Israel Philharmonic Orchestra opens after a year of COVID-19

It is about nine minutes in duration, and when it finishes, one has the feeling of having been in another sphere. When the audience came down, they showed their pleasure.

 THE ISRAEL Philharmonic Orchestra. (photo credit: ODED ANTMAN)
THE ISRAEL Philharmonic Orchestra.
(photo credit: ODED ANTMAN)

IPOCharles Bronfman Auditorium, Tel AvivOctober 19

The Israel Philharmonic Orchestra opens its season with a definite air of excitement. After a year of corona, one of cultural stops and starts, secretary-general of the IPO Avi Shoshani breathes a sigh of relief as he points out that the ’21-’22 concert season has fewer restrictions and regularly spaced seating.

“The IPO has 10 different series of concerts,” Shoshani explains.

The first five opening concerts (October 7-13) brought Lahav Shani, music director of the IPO, to the podium, and featured the IPO premiere of Israeli composer Noam Sheriff’s “Music for Woodwinds, trombone, piano, and Bass,” and a performance of “Tchaikovsky: Violin Concerto” by noted American violinist Joshua Bell.

Then, between October 18 and 22, Shani and the IPO welcomed Israeli superstar, renowned violinist/violist Pinchas Zukerman for two different programs: one in which Zukerman performed the Bruch Violin Concerto No.1, with comments by Dr. Orit Wolf (in the Intermezzo series), and the orchestra performed Tchaikovsky Symphony No. 4. In the second program, Zukerman returned to the stage, trading his violin for his viola, and performed the Viola Concerto by Bela Bartók.

The viola is an instrument slightly larger than the violin. Its sound is deeper and more mellow, and has different requirements for precise intonation. In symphonic and chamber music, it usually plays the supporting role. In the hands of Zukerman, its voice soared sweetly through all the registers.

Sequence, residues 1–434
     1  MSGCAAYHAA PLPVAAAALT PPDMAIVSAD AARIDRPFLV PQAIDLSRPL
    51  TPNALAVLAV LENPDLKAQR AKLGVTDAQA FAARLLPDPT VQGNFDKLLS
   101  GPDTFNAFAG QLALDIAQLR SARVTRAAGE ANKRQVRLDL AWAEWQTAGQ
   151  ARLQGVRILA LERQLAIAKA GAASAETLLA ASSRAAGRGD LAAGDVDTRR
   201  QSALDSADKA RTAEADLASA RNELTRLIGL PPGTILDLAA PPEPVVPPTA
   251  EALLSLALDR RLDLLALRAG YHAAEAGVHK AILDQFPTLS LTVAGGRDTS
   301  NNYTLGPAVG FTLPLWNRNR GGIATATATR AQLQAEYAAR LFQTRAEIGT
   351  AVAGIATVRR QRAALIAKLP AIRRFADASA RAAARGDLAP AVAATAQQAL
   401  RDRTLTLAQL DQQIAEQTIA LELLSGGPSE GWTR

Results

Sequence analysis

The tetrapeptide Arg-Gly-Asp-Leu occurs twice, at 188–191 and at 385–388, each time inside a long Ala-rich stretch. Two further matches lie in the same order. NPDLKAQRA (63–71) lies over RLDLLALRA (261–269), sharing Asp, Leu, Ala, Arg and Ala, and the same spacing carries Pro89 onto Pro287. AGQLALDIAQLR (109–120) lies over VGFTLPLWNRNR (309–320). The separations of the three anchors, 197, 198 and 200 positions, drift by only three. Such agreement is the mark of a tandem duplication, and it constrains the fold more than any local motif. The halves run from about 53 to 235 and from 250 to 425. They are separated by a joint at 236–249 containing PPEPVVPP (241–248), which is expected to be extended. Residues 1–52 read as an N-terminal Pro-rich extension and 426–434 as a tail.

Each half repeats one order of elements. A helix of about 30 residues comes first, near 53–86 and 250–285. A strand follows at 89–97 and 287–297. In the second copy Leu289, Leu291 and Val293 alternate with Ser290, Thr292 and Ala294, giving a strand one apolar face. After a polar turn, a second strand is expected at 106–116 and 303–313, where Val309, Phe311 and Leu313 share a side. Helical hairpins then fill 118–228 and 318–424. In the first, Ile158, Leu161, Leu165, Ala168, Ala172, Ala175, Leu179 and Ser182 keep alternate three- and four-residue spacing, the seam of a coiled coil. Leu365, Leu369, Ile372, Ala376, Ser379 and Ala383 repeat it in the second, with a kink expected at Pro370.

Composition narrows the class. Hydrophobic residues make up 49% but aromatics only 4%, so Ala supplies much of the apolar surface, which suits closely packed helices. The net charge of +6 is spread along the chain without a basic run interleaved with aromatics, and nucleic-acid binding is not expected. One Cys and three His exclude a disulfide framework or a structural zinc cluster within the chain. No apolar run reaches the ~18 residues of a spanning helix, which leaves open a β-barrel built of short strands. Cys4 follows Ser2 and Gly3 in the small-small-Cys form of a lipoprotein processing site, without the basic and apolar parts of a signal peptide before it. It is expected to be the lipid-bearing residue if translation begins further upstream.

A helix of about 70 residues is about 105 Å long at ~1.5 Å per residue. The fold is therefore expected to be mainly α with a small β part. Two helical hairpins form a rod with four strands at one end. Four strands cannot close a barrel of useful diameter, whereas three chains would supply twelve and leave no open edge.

Israel Philharmonic Orchestra held concerts across the country in honor of Israel's Holocaust survivors, September 16, 2020.  (credit: YOSSI ZELIGER)Israel Philharmonic Orchestra held concerts across the country in honor of Israel's Holocaust survivors, September 16, 2020. (credit: YOSSI ZELIGER)

Zukerman’s technique was accurate and brilliant in cadenzas as well as in the fast and ecstatic passages where could be heard the musical influences of the Roma gypsy peasants of Eastern Europe which Bartók loved.

Throughout the evening, the skill and depth of conductor Shani’s knowledge, charm and talent were noticeable.

After opening with “Hatikva,” Shani stepped off the podium and spoke to the audience about the first selection of the evening, “Atmosphere,” by György Ligeti (1903—2006).

He explained in concise and user-friendly terms what to listen for in this piece, which is a painting in sound. There is no harmony and much dissonance; no discernible rhythmic patterns but the feeling of a steady pulse; no recognizable melody but a swirling mass of sounds that are connected to one another by an electronic thread.

It is about nine minutes in duration, and when it finishes, one has the feeling of having been in another sphere. When the audience came down, they showed their pleasure.

One could say that the first half of the concert provided no memorable melodies to take home. However, the second half allayed all fears, as Shani and the IPO performed Symphony No. 4 in F minor by Pyotr Ilyich Tchaikovsky, a piece of melodic beauty, grandeur, soulful despair as well as delight.

I thought the third movement of the symphony, which is played pizzicato by the strings and alternates with solo passages played by the winds, to be extremely beautiful, well shaped and performed.

Throughout the evening, Shani and IPO members displayed a sense of connectivity, overall skill and attention to nuance, as they opened their concert season in an atmosphere of change.